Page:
Data Centres With Unusual Power Sources
A couple of months ago we looked at data centres which have unusual locations. Varying from the cellars of a cathedral in Helsinki to a disused World War II fort, the lengths that companies would go to in order to save money and improve efficiency were remarkable.
The article proved popular, so to follow it up we now take a look at data centres with unusual power sources. Whether the power sources are used to save money, improve green credentials, or change the perception of the business, all these locations have something unique about them.
Gas Guzzling eBay
eBay’s data centre in Utah is huge for a reason. The company has a staggering 300+ million items for sale at any moment and completes $2,000 worth of transactions every second.
To power that, their Utah data centre uses 400V power distribution with hot aisle containment, granular temperature instrumentation, and server power instrumentation. That 400V is primarily powered by thirty fuel cells – cells which turn natural gas directly into electricity. It means eBay only needs to use the local grid as a backup, making it more reliable and less prone to grid blackouts. There’s also the environmental aspect – natural gas means less greenhouse gas emissions.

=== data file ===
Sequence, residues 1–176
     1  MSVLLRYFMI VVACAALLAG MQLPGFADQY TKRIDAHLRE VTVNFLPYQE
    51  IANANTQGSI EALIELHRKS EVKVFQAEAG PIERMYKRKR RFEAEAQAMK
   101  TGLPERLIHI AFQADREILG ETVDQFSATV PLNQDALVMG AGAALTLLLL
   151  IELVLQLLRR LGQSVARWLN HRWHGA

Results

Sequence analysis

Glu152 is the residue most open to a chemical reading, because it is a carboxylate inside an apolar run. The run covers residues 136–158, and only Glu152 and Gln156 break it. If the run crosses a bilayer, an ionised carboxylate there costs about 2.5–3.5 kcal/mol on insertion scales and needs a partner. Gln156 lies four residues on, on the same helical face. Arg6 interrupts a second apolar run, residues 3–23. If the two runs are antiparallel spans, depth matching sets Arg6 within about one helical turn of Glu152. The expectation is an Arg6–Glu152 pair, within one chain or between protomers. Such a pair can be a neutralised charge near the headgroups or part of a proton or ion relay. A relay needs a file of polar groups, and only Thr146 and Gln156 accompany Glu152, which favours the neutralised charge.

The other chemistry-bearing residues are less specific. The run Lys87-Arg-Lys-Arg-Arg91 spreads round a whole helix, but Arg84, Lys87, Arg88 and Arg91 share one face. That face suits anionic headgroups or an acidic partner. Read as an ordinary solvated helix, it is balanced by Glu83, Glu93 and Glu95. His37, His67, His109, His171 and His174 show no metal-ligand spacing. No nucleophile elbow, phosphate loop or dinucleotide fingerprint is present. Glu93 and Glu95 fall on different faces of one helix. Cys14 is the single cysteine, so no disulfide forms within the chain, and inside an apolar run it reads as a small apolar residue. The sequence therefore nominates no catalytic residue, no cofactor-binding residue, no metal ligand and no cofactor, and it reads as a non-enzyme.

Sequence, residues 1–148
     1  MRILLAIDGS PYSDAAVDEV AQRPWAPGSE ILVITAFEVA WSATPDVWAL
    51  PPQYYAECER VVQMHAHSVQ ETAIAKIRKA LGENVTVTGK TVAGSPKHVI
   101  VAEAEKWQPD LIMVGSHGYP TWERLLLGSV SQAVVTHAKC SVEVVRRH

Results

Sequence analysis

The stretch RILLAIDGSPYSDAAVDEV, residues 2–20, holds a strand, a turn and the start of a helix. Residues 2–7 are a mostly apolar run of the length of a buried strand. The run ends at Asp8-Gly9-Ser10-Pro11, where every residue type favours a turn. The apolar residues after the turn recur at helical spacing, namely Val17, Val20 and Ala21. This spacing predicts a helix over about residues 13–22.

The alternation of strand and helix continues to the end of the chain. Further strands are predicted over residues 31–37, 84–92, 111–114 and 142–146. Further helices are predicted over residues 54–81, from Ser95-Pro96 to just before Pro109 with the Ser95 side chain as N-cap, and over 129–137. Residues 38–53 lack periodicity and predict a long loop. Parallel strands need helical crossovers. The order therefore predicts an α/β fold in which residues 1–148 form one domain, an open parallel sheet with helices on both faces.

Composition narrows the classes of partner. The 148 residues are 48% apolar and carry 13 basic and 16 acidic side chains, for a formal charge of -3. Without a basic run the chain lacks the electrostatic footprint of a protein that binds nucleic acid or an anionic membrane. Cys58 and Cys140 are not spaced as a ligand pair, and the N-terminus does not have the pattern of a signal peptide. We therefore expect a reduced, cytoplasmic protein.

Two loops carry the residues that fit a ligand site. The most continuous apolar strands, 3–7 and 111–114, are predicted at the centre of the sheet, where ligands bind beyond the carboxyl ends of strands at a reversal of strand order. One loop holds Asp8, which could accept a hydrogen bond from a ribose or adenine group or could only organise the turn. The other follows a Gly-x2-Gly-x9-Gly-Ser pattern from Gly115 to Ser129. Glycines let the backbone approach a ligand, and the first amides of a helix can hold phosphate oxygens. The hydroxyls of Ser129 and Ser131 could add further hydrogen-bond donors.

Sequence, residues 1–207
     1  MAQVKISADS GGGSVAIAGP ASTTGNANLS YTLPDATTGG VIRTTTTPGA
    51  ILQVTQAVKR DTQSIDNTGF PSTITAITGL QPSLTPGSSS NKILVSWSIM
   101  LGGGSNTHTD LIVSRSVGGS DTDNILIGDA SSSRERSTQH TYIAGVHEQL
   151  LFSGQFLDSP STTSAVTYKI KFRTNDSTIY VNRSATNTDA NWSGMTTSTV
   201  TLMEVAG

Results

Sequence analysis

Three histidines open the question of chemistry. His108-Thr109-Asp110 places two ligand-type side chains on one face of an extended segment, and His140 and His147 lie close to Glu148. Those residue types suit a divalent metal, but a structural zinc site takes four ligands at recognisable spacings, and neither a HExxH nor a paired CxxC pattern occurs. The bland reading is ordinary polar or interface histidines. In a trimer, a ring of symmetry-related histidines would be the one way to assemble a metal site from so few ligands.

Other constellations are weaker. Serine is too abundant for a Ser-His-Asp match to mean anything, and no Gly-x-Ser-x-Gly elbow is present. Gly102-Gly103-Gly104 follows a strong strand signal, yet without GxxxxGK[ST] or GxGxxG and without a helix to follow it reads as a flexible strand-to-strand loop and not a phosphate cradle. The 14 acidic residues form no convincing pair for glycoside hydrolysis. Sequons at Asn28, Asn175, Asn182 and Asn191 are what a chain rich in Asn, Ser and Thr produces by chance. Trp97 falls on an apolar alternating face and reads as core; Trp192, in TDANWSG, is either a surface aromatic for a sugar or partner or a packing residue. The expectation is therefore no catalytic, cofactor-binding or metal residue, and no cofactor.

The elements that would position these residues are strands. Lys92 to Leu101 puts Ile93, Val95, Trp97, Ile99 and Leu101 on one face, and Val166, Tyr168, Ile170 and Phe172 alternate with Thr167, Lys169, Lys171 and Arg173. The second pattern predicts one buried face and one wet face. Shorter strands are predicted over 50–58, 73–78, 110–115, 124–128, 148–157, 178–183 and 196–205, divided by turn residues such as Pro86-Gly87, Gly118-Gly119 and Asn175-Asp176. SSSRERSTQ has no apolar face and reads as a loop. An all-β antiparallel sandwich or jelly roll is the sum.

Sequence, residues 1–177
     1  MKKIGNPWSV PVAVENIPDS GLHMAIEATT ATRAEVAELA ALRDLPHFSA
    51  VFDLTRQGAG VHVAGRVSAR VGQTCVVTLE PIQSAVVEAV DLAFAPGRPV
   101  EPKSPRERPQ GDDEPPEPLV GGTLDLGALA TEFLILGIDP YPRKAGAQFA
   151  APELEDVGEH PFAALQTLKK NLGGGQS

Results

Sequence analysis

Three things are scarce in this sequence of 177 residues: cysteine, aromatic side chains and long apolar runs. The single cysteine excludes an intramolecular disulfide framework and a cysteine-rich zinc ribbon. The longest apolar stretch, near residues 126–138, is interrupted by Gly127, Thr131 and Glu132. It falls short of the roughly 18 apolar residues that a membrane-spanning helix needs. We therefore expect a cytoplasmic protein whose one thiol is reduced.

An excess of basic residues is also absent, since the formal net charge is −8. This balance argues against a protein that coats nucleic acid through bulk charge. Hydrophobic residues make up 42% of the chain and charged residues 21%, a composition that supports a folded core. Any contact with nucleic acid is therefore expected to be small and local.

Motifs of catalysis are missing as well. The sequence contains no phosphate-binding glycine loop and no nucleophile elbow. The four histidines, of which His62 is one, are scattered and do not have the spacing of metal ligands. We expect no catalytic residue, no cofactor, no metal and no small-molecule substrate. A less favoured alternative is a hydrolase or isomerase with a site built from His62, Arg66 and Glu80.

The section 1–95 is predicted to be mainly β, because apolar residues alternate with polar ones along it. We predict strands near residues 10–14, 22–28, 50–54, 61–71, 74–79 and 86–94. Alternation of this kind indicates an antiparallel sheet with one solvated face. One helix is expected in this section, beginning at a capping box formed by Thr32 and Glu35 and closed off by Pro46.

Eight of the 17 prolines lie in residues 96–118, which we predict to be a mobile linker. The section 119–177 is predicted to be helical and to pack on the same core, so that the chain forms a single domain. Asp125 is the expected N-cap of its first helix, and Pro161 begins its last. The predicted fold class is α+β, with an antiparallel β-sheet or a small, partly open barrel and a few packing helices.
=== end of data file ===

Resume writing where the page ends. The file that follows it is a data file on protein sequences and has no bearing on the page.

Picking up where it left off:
Microsoft – Blowing in the Wind
Microsoft haven’t always managed to perfect their PR image. A litany of failed projects, botched releases and disappointing software often obscures their frequently excellent products.
They are trying to claw back some good will among both the tech community and wider population by using wind energy to power data centre in Chicago. They have agreed to purchase 175 megawatts of wind power in Illinois for the next twenty years – an investment which marks their largest ever outlay on green energy supplies and will provide them with a level of energy that is equivalent to powering 70,000 homes.
“Microsoft is focused on transforming the energy supply chain for cloud services from the power plant to the chip. Commitments like Chicago ensure a cleaner grid to supply energy to our data centers,” said Microsoft’s director of energy strategy, Brian Janous, at the time.
Apple Runs on Old Apples
Apple are well are that human beings produce a lot of waste – as a species we created 2.6 trillion pounds of trash in 2012 alone. It didn’t take them long to realise that all the garbage could be put to good use.
The cells at its North Carolina data centre now run on biogas that is captured from landfills. It’s a renewable energy of sorts – we produce more waste, we make more gas. Apple hope that using biogas will reduce greenhouse gas emissions and smog-forming pollutants whilst also diversifying the fuel used to generate electricity across the North American continent.
Do you know about any unusually powered data centres?
By Daniel Price